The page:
Handgrip strength is associated with suicidal thoughts in men: Cross-sectional analyses from NHANES
journal contributionposted on 2023-08-30, 16:34 authored by Chao Cao, Qinran Liu, Lin Yang, Xiaobin Zheng, Ping Lan, Ai Koyanagi, Davy Vancampfort, Pinar Soysal, Nicola Veronese, Brendon Stubbs, Joseph Firth, Lee Smith
Objective: To investigate the association between handgrip strength and suicidal thoughts in a representative sample of the US adult population using data from the National Health and Nutrition Examination Survey (NHANES). Population and Methods: Data from two waves of NHANES (2011–2014) were aggregated. Handgrip strength in kilogram (kg) was defined as the maximum value from the dominant hand. Suicidal thoughts were assessed using one question “Over the last 2 weeks, how often have you been bothered by the following problem: Thoughts that you would be better off dead or of hurting yourself in some way?” and dichotomized to no (not at all) and yes (several days/ more than half the days/ nearly every day). Gender-specific logistic regressions were carried out to analyze associations between handgrip strength and suicidal thoughts. Results: Data on total of 8903 adults (mean age 47.4±0.4 years) were analyzed. Each 5kg increase in handgrip strength was associated with a 16% reduced odds of having suicidal thoughts (0.84, 95% CI: 0.74 to 0.95) among the overall male population. These associations were stronger in male aged 20-39 years (0.83, 95% CI: 0.70 to 0.98), and 40-64 years (0.73, 95% CI: 0.63 to 0.85). In contrast, no associations were observed in females of all age groups. Conclusions: Males younger than 65 years old with low handgrip strength are significantly more likely to have suicidal thoughts demonstrating a dose-response relationship. Future research is required to confirm/refute our findings and establish if strength interventions can reduce suicidal thoughts.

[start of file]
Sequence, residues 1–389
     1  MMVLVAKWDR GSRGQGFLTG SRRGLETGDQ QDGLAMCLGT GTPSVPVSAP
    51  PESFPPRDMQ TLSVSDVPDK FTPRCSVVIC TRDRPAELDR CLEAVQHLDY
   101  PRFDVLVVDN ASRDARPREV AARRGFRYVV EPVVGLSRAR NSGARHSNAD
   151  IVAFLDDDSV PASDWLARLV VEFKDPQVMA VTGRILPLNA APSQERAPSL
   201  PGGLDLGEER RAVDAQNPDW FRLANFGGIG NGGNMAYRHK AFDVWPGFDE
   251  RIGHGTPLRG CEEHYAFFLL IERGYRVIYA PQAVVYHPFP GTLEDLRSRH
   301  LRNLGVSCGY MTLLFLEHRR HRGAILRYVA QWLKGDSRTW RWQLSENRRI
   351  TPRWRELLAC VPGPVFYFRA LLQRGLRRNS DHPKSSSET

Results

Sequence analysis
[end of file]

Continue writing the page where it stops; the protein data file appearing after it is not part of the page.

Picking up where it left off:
Publication titleScandinavian Journal of Medicine and Science in Sports
- Accepted version